In recent years many countries around the world have tightened their copyright laws to curb the threat of online piracy.
These new regulations aim to help copyright holders, often by creating new obligations and restrictions for Internet service providers that host, link to, or just pass on infringing material.
Rightsholders are happy with these developments, but many Silicon Valley giants and other tech companies see the new laws as threats. This was made clear again this week by the Computer & Communications Industry Association (CCIA) and the Internet Association.
The two groups both submitted stark warnings to the US Trade Representative (USTR). The submissions were sent in response to a request for comments in preparation for the Government’s yearly report on foreign trade barriers.
The CCIA, which includes prominent members such as Amazon, Cloudflare, Facebook, and Google, lists a wide variety of threats, several of which are copyright-related.
One of the main problems is the increased copyright liability for online intermediaries. In the US, online services have strong safe harbor protections that prevent them from being held liable for users’ infringements, but in other countries, this is no longer the case, CCIA warns.
“Countries are increasingly using outdated Internet service liability laws that impose substantial penalties on intermediaries that have had no role in the development of objectionable content. These practices deter investment and market entry, impeding legitimate online services,” CCIA writes.
These countries include France, Germany, India, Italy, and Vietnam. In Australia, for example, several US platforms are excluded from liability protections, which goes against the U.S.-Australia Free Trade Agreement, CCIA notes.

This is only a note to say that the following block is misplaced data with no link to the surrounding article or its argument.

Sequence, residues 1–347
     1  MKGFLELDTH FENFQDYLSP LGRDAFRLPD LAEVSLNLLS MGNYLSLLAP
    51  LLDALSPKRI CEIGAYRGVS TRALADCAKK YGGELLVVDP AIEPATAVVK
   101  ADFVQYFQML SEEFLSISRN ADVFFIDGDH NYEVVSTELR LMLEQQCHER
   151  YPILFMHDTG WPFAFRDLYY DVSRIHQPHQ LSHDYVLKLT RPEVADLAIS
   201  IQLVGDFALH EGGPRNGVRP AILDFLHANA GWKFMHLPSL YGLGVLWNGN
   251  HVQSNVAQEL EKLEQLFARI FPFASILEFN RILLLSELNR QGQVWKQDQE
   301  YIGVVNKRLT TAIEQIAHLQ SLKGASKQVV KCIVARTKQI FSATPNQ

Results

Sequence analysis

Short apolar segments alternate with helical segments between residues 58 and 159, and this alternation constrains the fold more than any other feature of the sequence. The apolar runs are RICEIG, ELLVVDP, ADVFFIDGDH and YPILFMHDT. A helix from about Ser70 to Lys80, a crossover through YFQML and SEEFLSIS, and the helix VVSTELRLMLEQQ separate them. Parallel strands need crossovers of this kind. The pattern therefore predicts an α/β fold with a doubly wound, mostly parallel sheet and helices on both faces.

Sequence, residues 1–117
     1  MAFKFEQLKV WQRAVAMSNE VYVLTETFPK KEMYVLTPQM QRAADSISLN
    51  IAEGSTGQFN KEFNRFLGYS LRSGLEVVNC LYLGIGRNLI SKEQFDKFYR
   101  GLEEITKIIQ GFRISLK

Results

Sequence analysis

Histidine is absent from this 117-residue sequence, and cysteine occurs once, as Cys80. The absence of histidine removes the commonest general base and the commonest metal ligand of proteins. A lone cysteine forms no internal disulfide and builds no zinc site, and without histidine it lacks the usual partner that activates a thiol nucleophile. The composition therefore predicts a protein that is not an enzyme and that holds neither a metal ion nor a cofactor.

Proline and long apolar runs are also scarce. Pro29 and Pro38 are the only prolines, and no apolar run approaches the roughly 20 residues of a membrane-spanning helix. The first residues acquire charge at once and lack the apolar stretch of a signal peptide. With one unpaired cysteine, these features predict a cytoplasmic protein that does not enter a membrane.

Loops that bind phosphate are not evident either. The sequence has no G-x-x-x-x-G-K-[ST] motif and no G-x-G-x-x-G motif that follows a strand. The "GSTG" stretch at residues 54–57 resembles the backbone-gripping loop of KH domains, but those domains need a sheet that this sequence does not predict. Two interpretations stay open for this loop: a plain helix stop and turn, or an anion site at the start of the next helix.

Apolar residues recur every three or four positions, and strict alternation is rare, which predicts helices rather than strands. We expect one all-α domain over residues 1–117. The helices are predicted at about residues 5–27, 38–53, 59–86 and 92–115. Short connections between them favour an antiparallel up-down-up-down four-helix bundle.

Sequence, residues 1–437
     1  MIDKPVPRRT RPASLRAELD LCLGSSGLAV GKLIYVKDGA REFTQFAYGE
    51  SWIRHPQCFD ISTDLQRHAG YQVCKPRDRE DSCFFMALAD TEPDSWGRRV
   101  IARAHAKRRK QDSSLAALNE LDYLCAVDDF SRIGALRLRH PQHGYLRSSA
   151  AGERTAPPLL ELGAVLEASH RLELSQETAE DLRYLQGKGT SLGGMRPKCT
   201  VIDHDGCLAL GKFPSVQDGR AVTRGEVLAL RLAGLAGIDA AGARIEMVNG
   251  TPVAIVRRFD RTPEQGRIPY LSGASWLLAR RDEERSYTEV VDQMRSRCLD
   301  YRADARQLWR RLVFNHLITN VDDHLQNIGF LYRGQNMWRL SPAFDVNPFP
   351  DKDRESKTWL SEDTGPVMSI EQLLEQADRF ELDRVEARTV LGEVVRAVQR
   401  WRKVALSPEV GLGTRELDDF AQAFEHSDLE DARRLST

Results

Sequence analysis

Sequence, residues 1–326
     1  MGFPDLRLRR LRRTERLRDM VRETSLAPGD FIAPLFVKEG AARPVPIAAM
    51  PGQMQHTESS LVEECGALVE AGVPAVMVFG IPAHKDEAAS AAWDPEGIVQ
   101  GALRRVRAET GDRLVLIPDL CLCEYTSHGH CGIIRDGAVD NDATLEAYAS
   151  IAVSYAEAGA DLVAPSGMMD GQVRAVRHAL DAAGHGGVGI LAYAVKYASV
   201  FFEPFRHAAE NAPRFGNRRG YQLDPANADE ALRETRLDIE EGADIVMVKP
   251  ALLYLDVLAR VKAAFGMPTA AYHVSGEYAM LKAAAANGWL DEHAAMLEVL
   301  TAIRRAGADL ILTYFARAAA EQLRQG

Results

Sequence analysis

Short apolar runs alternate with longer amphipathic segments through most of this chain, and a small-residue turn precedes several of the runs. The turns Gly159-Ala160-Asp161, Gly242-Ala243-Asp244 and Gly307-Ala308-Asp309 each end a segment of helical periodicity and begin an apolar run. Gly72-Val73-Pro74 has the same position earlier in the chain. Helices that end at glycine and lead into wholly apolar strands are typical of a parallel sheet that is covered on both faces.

Another major point of concern is the new EU Copyright Directive, which passed earlier this year. While individual member states have yet to implement it, it’s seen as a looming threat for US companies and users alike.
“[T]he recent EU Copyright Directive poses an immediate threat to Internet services and the obligations set out in the final text depart significantly from global norms. Laws made pursuant to the Directive will deter Internet service exports into the EU market due to significant costs of compliance,” CCIA writes.
“Despite claims from EU officials, lawful user activities will be severely restricted. EU officials are claiming that the new requirements would not affect lawful user activity such as sharing memes, alluding to the exceptions and limitations on quotation, criticism, review, and parody outlined in the text.”
The Internet Association also warns against the EU Copyright Directive in its submission. According to the group, which represents tech companies including Google, Reddit, Twitter, as well as Microsoft and Spotify, Europe’s plans are out of sync with US copyright law.
“The EU’s Copyright Directive directly conflicts with U.S. law and requires a broad range of U.S. consumer and enterprise firms to install filtering technologies, pay European organizations for activities that are entirely lawful under the U.S. copyright framework, and face direct liability for third-party content,” the Internet Association writes.
Aside from the EU plans, other countries such as Australia, Brazil, Colombia, India, and Ukraine are also proposing new “onerous” copyright liability proposals for Internet services. In many cases, these plans conflict with promises that were made under U.S. free trade agreements, the Internet Association writes.
“If the U.S. does not stand up for the U.S. copyright framework abroad, then U.S. innovators and exporters will suffer, and other countries will increasingly misuse copyright to limit market entry,” the group warns.
Both the CCIA and the Internet Archive urge the US Government to push back against these developments. They advise promoting strong and balanced copyright legislation, which doesn’t put US companies at risk when following US law.
While it makes sense that the US would back its owns laws and policies abroad, the comments made by both groups come at a time where changes to intermediary liability are on the agenda of local lawmakers as well.
Copyright holders see these foreign developments as inspiration, as they want increased liability for intermediaries. As such, MPAA recently asked lawmakers not to include current safe harbor language in future trade agreements.
This is also the advice of the House Judiciary Committee. While the committee isn’t taking a position on a future direction just yet, it wants to await current developments before porting current US liability exceptions into international deals.
The CCIA’s submission to the USTR is available here (pdf) and the Internet Association’s submission can be found here (pdf).